The recital is done by several people one after another in turn and when the recital comes
    to a verse which speaks of the eventual birth of the Prophet, all participants rise up,
    standing to show spontaneous respect, honour and joy, while chanting another verse in
    chorus:




    Allah exalts Muhammad, Allah exalts him and endowed him with peace.[45]




    While standing solemnly, the leader chants the following verse and the others
    repeat: 




    Welcome the light of the eyes, welcome grandfather of
    Husein,

    Welcome and best regard, welcome the best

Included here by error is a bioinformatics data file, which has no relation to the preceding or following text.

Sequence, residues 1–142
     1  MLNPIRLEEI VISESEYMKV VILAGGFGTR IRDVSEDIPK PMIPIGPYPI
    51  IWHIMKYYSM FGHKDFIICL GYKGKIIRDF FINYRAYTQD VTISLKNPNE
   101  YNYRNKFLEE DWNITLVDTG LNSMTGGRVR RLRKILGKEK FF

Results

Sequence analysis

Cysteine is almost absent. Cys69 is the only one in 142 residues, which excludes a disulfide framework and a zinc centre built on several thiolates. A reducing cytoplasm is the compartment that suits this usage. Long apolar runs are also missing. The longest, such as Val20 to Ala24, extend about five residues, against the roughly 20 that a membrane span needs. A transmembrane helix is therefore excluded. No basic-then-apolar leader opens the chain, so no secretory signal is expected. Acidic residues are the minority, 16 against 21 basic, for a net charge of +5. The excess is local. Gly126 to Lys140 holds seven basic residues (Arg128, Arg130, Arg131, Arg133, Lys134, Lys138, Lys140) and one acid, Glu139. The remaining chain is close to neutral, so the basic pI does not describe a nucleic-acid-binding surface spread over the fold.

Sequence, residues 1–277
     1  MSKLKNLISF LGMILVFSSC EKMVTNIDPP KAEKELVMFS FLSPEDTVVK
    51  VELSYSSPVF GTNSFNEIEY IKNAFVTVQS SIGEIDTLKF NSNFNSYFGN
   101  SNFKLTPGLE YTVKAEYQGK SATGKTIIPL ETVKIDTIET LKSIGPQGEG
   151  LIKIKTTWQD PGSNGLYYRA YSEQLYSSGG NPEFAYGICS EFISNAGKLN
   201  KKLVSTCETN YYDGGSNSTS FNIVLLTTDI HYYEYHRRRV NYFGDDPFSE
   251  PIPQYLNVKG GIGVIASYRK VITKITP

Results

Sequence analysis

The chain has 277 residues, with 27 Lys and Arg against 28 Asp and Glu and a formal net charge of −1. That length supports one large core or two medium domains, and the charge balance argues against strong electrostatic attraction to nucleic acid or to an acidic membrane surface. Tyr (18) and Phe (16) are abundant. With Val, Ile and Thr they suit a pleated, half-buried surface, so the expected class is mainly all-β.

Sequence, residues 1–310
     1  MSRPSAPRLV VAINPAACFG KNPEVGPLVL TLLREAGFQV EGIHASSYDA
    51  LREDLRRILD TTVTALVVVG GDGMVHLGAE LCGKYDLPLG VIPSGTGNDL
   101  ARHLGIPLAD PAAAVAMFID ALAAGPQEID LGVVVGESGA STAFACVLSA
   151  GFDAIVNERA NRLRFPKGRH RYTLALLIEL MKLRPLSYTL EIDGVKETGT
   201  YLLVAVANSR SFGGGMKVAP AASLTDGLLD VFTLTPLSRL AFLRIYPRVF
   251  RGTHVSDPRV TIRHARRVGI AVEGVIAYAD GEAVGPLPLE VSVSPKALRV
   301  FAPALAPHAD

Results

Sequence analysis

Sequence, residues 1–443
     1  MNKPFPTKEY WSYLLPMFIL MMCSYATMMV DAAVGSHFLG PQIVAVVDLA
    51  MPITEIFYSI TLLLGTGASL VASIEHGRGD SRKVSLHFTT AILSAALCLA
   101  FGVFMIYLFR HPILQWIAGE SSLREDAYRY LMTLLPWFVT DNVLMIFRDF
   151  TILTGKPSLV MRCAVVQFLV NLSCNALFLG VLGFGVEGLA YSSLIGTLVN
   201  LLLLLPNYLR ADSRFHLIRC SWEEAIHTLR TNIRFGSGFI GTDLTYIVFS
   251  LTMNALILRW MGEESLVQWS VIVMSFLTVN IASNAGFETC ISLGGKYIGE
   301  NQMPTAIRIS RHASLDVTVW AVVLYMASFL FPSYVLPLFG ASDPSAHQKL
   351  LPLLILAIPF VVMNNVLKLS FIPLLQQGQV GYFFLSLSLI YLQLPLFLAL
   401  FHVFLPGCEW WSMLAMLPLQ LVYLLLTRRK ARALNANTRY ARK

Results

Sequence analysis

propagator
    .[46]








    This verse is repeated again and again by all participants in
    response to the leader each time he chants a verse. Sometimes a participant takes the
    initiative to change the melody, after shouting in Arabic: “O God, (please) exalt Muhammad,”
    the other reply: “(Certainly) God exalts him and endows him with peace.” Then he starts with
    further chants in a new melody. The first four verses of the lyrics translate as
    follow:



     




    O, Prophet peace be upon you, O, Apostle peace be upon
    you,

    O, Beloved peace be upon you, Allah's exaltation be upon
    you
    .



    Already arises the full moon upon us, thence [all other]
    lights are dimmed, the most beautiful thing we have seen, is the sight of you oh the
    most cheerful face

    [47]








    No less than 22 verses are chanted in various melodies before they
    sit again to conclude the performance with a du'a. When
    the du'a is finished, some participants take some flowers